This week, we spoke to more of our readers about their DR Google experiences. Here are some of their stories:

Female, 22

Q. Why did you Google your health symptoms?

A. I was curious to what Google would say.

Q. What symptoms did you Google?

A. I’ve recently googled right arm hurting, wisdom teeth symptoms, ear infection and fainting.

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Q. What was Google’s diagnosis?

A. The right arm hurting was apparently a heart attack – this didn’t worry me very much since it’s quite extreme. But my painful wisdom teeth was showing to be a really bad ear infection.

Q. Did you seek a professional’s opinion?

A. Yes, Google was correct about the ear infection however the suggested treatment was incorrect.

Female, 24

Q. Why did you Google your health symptoms?

A. I Google every kind of symptom that ever pops up. From simple things like causes of headaches because I don’t want to waste a doctors time…to more private things that you don’t particularly want to see a doctor about.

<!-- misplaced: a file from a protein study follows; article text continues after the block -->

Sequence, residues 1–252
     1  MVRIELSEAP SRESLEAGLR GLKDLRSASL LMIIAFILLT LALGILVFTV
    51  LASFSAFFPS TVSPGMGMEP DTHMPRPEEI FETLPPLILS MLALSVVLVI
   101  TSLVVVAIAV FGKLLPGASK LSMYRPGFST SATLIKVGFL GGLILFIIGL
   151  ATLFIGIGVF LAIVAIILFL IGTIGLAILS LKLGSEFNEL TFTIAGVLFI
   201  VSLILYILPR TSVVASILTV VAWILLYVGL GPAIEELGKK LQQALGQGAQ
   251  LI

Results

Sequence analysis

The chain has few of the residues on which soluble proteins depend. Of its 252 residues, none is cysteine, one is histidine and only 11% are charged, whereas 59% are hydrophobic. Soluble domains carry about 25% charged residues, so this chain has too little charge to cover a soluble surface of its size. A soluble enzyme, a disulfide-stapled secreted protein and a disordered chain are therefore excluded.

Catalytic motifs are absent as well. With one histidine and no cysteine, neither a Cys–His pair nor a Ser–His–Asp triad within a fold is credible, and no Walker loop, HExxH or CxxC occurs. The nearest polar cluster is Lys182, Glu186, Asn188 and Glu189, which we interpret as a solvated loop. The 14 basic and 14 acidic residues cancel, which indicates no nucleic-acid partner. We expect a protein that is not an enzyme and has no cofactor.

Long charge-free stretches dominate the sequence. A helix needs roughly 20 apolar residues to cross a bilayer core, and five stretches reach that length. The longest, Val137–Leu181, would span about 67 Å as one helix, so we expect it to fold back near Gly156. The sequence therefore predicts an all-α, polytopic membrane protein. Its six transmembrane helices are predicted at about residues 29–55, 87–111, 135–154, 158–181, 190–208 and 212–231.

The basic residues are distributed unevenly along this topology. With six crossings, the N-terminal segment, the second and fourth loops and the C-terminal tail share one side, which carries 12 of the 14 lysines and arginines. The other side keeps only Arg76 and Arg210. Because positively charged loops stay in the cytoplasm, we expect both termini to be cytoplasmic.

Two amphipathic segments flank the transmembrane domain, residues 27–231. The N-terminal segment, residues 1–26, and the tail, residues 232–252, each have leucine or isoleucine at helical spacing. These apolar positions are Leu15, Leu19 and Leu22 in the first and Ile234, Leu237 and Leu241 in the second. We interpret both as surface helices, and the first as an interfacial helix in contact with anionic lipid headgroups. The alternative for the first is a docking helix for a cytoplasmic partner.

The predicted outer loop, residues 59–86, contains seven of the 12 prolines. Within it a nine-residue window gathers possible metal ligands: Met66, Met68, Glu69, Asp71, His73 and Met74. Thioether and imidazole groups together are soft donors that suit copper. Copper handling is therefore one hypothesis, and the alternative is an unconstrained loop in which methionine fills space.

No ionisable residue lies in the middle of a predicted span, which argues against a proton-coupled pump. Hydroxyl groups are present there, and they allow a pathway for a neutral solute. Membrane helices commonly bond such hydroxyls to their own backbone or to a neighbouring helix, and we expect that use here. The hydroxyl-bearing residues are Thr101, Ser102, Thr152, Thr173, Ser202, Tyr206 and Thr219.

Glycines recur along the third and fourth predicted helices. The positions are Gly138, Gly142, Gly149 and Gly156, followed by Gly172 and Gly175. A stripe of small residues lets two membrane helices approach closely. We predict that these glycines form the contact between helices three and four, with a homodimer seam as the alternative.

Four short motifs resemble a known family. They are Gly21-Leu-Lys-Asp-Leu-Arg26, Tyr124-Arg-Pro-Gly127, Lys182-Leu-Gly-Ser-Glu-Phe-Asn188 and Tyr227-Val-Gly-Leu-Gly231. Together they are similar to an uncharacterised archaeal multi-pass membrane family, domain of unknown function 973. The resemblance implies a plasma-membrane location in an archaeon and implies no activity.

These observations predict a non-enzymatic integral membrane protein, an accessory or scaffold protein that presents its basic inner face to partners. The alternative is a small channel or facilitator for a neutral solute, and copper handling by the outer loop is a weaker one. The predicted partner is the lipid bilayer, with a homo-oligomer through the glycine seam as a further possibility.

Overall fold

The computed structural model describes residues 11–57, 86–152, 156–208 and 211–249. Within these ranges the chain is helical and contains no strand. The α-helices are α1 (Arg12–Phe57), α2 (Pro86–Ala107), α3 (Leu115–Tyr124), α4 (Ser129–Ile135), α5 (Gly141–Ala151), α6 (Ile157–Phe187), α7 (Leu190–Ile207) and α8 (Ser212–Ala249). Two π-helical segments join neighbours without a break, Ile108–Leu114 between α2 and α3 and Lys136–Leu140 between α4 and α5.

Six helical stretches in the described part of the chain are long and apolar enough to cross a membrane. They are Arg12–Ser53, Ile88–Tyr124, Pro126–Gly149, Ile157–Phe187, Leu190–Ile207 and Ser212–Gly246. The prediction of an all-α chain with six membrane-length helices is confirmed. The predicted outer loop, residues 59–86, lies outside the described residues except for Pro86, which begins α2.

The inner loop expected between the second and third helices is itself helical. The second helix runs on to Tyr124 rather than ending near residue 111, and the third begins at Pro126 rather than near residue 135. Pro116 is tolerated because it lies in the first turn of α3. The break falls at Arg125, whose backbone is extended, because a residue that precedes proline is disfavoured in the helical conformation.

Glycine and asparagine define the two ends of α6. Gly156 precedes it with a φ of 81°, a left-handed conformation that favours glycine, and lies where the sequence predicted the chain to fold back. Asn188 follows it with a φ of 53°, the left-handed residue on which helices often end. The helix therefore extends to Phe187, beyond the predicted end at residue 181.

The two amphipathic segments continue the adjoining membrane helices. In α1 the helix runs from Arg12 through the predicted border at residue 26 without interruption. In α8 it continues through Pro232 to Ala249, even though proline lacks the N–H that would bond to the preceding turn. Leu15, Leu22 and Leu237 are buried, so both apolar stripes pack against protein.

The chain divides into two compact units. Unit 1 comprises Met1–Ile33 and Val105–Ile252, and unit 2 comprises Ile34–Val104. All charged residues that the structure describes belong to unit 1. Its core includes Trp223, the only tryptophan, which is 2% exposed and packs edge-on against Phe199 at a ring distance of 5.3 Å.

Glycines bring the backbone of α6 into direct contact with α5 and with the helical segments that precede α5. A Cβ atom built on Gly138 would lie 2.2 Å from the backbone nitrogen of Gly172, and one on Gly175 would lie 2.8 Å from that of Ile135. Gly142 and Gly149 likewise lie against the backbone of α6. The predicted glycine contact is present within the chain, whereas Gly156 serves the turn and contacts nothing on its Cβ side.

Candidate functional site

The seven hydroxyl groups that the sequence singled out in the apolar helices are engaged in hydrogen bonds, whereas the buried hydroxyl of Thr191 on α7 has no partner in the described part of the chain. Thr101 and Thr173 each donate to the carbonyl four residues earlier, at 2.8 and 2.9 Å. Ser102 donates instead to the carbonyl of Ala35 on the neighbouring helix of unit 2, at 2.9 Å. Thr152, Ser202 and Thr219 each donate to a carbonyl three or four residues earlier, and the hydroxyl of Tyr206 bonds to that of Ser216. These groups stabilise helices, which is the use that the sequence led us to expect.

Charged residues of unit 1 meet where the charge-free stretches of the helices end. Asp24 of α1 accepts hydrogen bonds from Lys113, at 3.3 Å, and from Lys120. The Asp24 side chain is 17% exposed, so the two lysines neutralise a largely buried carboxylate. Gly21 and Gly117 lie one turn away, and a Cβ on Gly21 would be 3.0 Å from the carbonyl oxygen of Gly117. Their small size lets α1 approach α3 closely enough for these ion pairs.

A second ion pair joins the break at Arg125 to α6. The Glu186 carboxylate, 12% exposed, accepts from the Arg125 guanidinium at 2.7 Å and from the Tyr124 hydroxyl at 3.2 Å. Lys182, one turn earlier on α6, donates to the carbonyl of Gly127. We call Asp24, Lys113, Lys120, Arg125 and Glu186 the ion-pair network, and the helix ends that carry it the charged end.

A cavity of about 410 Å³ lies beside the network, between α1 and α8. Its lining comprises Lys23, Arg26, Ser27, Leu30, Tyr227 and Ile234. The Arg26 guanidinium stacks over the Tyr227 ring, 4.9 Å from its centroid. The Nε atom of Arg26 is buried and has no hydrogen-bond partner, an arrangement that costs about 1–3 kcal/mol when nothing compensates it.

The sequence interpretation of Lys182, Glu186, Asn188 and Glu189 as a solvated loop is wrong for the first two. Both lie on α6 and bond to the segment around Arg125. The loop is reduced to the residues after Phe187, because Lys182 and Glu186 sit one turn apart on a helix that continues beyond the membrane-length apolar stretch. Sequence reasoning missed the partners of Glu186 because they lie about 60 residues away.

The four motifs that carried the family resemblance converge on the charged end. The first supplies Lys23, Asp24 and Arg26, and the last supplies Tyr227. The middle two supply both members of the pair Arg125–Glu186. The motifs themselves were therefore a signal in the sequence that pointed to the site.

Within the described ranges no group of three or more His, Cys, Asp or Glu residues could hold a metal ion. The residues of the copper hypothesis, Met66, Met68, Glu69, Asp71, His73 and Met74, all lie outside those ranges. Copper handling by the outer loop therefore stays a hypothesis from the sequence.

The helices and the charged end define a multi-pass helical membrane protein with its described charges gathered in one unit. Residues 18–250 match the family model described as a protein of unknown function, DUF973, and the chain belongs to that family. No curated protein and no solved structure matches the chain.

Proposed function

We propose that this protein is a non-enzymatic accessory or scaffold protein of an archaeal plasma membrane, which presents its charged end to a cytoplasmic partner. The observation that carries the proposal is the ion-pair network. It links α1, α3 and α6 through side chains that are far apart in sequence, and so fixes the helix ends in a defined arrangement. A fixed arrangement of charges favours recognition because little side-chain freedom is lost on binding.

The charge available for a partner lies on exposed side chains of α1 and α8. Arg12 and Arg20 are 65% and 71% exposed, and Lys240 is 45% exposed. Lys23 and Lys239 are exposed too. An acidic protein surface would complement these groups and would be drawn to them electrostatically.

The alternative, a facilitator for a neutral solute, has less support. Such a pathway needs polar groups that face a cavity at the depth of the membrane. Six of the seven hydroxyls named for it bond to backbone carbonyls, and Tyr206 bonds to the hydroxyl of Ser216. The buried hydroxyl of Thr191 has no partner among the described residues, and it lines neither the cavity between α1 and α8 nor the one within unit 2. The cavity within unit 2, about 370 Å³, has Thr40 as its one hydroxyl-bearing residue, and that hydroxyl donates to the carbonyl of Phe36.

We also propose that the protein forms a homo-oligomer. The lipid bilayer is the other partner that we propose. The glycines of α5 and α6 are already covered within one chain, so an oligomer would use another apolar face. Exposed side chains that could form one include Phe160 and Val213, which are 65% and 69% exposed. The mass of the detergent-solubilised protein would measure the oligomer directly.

Q. What symptoms did you Google?

A. Ankle sprain

Q. What was Google’s diagnosis?

A. Torn ligaments in my ankle

Q. Did you seek a professional’s opinion?

A. Yes, I went to my physio the next day – she said I had torn ligaments but not to the extreme as described by Google. She also picked up on other issues with my ankle that Google did not mention.

Male, 23

Q. Why did you Google your health symptoms?

A. Yes, to read about different forms of mental health issues.

Q. What symptoms did you Google?

A. Basically feelings, thoughts, dreams, symptoms of mental health issues i.e. lack of sleep etc.

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Q. What was Google’s diagnosis?

A. I most likely have a mild case of bipolar disorder called cyclothymia or minor early stages of depression

Q. Did you seek a professional’s opinion?

A. No, I have not gone to go and see a doctor.

If you’d like to share your cyberchondria stories with us, please email stopdrgoogling@gmail.com.

Don’t let the web, get to your head!

Stop Dr Google.